Israel eased a major restriction on the Gaza Strip last week. For the first time in six years, limited commercial shipments of cement and iron were allowed through Israel into Gaza.
The 70 trucks per weekday will barely put a dent in the need in Gaza, where demand for housing is high and construction work is a quick way to cut unemployment. But it is a significant decision for Israel, connected to larger strategic issues, including the upheaval in neighboring Egypt and the recently restarted Israeli-Palestinian peace process.
For the past several years, much of the cement and rebar that came to Gaza arrived through smuggling tunnels from Egypt. Israel allowed only materials for thoroughly documented humanitarian projects, fearing militants would use concrete and rebar to build bunkers.
But after the Egyptian military took control in Cairo three months ago, Egypt began systematically destroying the tunnels. Construction materials in Gaza became hard to get, making an already weak economy worse.
A Peaceful Gesture
Guy Inbar, the spokesman for the Israeli military unit that manages all goods going between Israel and Gaza, says the change in policy came due to a request by Palestinian Authority President Mahmoud Abbas, also known as Abu Mazen.
"We hope the people in the Gaza Strip will understand that Abu Mazen and the situation in the West Bank is better than what is happening right now with Hamas," Inbar says.
Abbas leads the Palestinian political party Fatah and rules the West Bank. He is also negotiating with Israel for a peace deal. As part of these negotiations, and under international pressure, Israel has made several gestures to ease economic restrictions on Palestinians and to support Abbas.
The Palestinian faction Hamas, which rules the Gaza Strip, is an enemy of Israel. It is also in bad economic shape. Hamas has so little money it paid only half salaries for August, and those came a month late, says Ghazi Hamad, Gaza's deputy foreign minister. He says Hamas is just trying to keep its head above water.
"The main two problems [are] the building materials and the fuel," Hamad says.
Cheap Egyptian gas used to flow through the smuggling tunnels, too. Now, Hamas is trying to negotiate a deal with the Palestinian Authority to pay part of the cost of fuel from Israel. Everything in Gaza is affected by the current fuel shortage even sewage.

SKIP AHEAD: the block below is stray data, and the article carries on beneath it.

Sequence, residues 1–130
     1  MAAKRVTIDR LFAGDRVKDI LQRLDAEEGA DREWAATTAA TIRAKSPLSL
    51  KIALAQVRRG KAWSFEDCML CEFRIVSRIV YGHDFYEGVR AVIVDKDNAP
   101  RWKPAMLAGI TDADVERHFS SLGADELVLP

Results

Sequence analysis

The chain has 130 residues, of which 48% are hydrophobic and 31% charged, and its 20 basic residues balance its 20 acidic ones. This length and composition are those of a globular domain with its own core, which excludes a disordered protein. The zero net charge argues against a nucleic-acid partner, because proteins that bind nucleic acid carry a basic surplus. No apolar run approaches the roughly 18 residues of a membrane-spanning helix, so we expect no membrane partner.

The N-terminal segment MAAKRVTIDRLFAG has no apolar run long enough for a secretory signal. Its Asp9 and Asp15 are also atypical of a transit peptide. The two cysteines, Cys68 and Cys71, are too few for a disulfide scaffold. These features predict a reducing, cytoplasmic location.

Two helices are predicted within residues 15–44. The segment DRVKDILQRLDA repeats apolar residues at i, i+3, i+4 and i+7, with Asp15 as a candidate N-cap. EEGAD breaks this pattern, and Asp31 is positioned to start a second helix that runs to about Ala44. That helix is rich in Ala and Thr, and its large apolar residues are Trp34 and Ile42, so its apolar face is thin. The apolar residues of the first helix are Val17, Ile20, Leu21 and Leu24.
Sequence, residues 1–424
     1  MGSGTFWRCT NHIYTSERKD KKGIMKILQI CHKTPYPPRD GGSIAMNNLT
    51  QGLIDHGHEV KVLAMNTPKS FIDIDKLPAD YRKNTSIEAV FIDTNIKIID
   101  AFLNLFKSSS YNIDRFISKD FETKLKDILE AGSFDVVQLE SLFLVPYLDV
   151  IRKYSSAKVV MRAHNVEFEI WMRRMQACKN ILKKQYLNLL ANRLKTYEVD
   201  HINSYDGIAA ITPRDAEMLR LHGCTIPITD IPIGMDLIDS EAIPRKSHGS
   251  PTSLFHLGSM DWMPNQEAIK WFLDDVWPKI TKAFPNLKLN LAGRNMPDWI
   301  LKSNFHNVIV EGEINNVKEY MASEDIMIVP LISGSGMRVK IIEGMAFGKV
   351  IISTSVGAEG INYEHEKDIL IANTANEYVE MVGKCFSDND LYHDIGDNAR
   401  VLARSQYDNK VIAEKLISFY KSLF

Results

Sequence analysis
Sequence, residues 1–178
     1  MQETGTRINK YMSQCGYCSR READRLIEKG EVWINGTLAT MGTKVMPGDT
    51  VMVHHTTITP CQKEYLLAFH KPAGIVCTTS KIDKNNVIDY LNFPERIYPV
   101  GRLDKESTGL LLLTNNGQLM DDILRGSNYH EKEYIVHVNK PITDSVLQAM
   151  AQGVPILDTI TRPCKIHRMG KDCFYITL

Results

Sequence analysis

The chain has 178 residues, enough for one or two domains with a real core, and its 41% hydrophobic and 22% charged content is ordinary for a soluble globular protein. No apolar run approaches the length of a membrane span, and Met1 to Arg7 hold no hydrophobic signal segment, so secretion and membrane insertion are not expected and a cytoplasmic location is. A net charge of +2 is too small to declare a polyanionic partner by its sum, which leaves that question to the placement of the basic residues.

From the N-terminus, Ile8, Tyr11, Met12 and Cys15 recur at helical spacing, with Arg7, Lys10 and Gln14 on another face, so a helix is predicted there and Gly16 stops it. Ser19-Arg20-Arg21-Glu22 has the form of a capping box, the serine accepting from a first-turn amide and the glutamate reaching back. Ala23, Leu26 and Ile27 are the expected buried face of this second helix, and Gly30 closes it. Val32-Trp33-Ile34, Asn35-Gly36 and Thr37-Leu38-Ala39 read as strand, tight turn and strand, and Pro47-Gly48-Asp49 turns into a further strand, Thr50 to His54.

From a bluff above the Mediterranean, you can see brown wastewater from Gaza's homes and streets rush out of a wide concrete pipe, right next to fishermen casting nets into the surf. Get a little closer and you'll smell it.
For years, sporadic electricity and a lack of facilities meant plenty of untreated sewage went into the ocean. But the director of the local water utility, Monthar Shoblak, says up until this fuel crisis, things had measurably improved. Now he's back to Plan C, or perhaps more appropriately, Plan Sea.
"Plan A is to treat it," Shoblak says. "Plan B is to dump it partially treated."
Plan C means he'll be lucky just to get sewage diverted to the ocean before it backs up the pipes, or worse yet, overflows into streets and homes.
As already difficult life gets even a bit tougher in Gaza, a few signs of discontent with the current rule are showing. One is a group called Tamarod, or rebellion. That's the same name as an Egyptian group that helped bring down the Muslim Brotherhood-led government in Cairo.
Hamas itself is an offshoot of the Brotherhood. Gazan novelist and political science professor Atef Abu Saif says Hamas, however, is not going away. "Their practice and behavior and political translations of their ideas are extremely bad," says Abu Saif, who is a Fatah supporter. "But they will always find supporters. You have to think how to include them and affect the way they behave."
Abu Saif says the Palestinian Authority hopes a weakened Hamas will eventually disappear, but he says Hamas won't vanish.
"You have to think how to include them and affect the way they behave. You have to offer them a hand," he says.
At this point, even Hamas admits it needs one.